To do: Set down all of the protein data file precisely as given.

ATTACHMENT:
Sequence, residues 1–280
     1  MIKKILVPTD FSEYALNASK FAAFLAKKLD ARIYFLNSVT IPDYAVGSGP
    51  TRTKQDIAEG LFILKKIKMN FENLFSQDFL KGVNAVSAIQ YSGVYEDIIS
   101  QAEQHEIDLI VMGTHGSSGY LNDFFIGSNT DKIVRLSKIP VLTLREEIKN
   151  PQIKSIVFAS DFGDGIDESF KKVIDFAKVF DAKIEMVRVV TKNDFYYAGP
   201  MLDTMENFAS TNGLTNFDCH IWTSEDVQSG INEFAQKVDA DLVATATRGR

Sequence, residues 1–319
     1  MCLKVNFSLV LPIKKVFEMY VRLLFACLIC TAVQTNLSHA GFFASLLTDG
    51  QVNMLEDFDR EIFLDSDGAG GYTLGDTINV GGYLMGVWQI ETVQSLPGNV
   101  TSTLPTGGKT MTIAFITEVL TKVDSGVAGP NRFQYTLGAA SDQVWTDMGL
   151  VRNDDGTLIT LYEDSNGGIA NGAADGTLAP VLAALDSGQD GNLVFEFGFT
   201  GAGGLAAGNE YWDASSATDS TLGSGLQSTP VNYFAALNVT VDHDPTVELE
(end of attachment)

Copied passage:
Sequence, residues 1–280
     1  MIKKILVPTD FSEYALNASK FAAFLAKKLD ARIYFLNSVT IPDYAVGSGP
    51  TRTKQDIAEG LFILKKIKMN FENLFSQDFL KGVNAVSAIQ YSGVYEDIIS
   101  QAEQHEIDLI VMGTHGSSGY LNDFFIGSNT DKIVRLSKIP VLTLREEIKN
   151  PQIKSIVFAS DFGDGIDESF KKVIDFAKVF DAKIEMVRVV TKNDFYYAGP
   201  MLDTMENFAS TNGLTNFDCH IWTSEDVQSG INEFAQKVDA DLVATATRGR

Sequence, residues 1–319
     1  MCLKVNFSLV LPIKKVFEMY VRLLFACLIC TAVQTNLSHA GFFASLLTDG
    51  QVNMLEDFDR EIFLDSDGAG GYTLGDTINV GGYLMGVWQI ETVQSLPGNV
   101  TSTLPTGGKT MTIAFITEVL TKVDSGVAGP NRFQYTLGAA SDQVWTDMGL
   151  VRNDDGTLIT LYEDSNGGIA NGAADGTLAP VLAALDSGQD GNLVFEFGFT
   201  GAGGLAAGNE YWDASSATDS TLGSGLQSTP VNYFAALNVT VDHDPTVELE